according to schedule, the
plant and lines for the Uni
versity will be ready for op
eration by June, 1964.
General Meeting
The Nebraska International
Association (NIA) will hold
its second general meeting on
Sunday at 3:30 p.m.
Matters to be taken up dur
ing the meeting include the
International Book Project,
a project designed to help fur
nish books to needy study
groups abroad; the "Voices of
Freedom," a weekly radio
program broadcast by
KFMQ; the NIA-sponsored
Essay Contest on improving
international relations in the
campus; and the forthcoming
Cultures on Campus program
to be held during the Interna
tional Week.
The Daily Nebraskan
By Susan Smithberger
Senior Staff Writer ;
Most students polled by the
Student Council Opinion Poll
Kappa Psi's
Search For
Lost Charter
Ulysses Brown, vice presi
dent of Kappa Alpha Psi, told
the Inter-Fraternity Council
(IFC) last night that the fra
ternity is in the process of lo
cating its charter, which, they
report, was granted by . the
national fraternity in 1916 aft
er the local chapter was rec
ognized by the University.
We have invited a national
representative to speak here
and to help in getting matters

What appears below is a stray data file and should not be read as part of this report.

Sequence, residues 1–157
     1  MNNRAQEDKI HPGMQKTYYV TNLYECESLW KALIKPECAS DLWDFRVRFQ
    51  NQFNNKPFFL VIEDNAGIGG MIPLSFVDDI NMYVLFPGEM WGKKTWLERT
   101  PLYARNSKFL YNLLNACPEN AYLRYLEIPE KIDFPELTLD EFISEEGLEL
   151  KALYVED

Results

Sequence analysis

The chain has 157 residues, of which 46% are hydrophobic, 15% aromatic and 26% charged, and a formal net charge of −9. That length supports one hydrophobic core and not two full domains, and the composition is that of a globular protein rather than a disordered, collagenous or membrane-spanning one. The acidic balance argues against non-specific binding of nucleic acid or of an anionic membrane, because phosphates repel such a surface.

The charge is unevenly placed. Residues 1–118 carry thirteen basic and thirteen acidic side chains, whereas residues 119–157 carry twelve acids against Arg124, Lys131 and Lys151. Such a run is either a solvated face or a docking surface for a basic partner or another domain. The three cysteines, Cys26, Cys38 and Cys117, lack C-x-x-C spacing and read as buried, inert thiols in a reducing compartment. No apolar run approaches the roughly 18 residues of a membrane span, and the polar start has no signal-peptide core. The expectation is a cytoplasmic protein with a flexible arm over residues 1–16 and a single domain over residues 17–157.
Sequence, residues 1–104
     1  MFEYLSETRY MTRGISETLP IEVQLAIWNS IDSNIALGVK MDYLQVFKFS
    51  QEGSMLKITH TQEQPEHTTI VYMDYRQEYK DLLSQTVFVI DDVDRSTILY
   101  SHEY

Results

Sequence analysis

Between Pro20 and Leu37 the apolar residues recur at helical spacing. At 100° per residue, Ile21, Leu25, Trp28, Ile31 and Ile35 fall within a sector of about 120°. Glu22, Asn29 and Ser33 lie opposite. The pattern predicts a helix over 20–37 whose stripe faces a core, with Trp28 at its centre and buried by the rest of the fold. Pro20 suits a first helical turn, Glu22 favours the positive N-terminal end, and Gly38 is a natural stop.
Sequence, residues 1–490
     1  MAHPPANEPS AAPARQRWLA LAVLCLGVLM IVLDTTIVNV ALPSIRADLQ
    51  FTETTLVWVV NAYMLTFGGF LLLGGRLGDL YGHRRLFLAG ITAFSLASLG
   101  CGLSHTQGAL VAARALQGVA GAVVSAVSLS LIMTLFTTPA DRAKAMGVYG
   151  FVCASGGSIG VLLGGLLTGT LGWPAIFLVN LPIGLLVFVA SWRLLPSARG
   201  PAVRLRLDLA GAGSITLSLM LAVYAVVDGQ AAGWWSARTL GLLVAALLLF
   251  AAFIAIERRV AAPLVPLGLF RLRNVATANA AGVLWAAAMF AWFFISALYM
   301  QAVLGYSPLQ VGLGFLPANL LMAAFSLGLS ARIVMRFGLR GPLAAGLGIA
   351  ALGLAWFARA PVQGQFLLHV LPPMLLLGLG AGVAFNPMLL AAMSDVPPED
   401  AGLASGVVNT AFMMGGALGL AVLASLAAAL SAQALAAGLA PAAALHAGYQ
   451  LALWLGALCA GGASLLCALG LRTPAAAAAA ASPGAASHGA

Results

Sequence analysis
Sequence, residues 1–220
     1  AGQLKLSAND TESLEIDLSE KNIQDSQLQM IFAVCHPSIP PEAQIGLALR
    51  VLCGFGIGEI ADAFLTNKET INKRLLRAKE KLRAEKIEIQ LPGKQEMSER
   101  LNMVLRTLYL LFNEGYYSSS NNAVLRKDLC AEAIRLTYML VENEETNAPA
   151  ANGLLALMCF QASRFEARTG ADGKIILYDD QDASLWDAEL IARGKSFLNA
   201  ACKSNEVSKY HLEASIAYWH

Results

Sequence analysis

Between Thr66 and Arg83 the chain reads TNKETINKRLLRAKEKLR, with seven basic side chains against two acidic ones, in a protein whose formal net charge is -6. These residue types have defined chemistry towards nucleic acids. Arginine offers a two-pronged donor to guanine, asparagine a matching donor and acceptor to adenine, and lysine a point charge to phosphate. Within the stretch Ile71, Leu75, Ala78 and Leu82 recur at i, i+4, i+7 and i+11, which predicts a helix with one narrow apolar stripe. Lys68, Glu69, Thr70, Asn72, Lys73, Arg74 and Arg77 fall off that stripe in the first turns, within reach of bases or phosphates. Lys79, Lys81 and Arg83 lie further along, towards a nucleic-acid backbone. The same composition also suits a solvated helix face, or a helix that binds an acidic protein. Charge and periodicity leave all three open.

straightened out," he said
"At the time this charter
was granted," said Dean J,
Winston Martin, "we used
a different system, and
no recording was made
of the charter in the
Board of Regents' minutes
For that matter, there was
no record of 'any, iijaternity
formed on the campus prior
to the present procedure, in
eluding many of yotfchere
tonight." t
"We havej asked Kappa Al
pha Psi to do what? they
could from their national
level," he said.
Dean Martin said that the
location of the charter was
not a matter causing a great
deal of concern.
"My judgment is that ve
treat the subject as the reac
tivation of a fraternity that
has existed here previously.'
In other IFC business, pres
ident Bill Buckley, announced
the formation of a committee
to organize an IFC Retreat
The committee chairman is
John Link, Phi Delta Theta
Other members include John
Stohlmann, Pi Kappa Phi,
Jim Conners, Alpha Gamma
Rho, and Dick Van Sickle,
Sigma Alpha Epsilon.
Tom Schwenke, IFC rush
chairman, announced that a
smoker will be held tonight
at 8 in 332 Student Union for
all rush chairmen. At this
time the Spring Rush Week
schedule will be discussed
The tentative schedule, which
has been presented to all the
houses for criticism, includes
a series of smokers for all
interested men. 1
Spring Rush would begin on
March 4 with a dinner and
orientation meeting. On Fri
day, March 6, the rushees will
attend another dinner and ori
entation meeting, followed by
ten twenty-minute rush par
ties. The rushee would choose
his ten houses from among
those he visited during the
Saturday afternoon the
mshee will visit three houses
for one and one-half hour par
ties. Following the three par
ties would be dinner and de
liberation. Interested men
must pledge a house by 8:30
Buckley reminded represen
tatives that Wednesday, Jan
8, is the last day a man may
be pledged for initiation the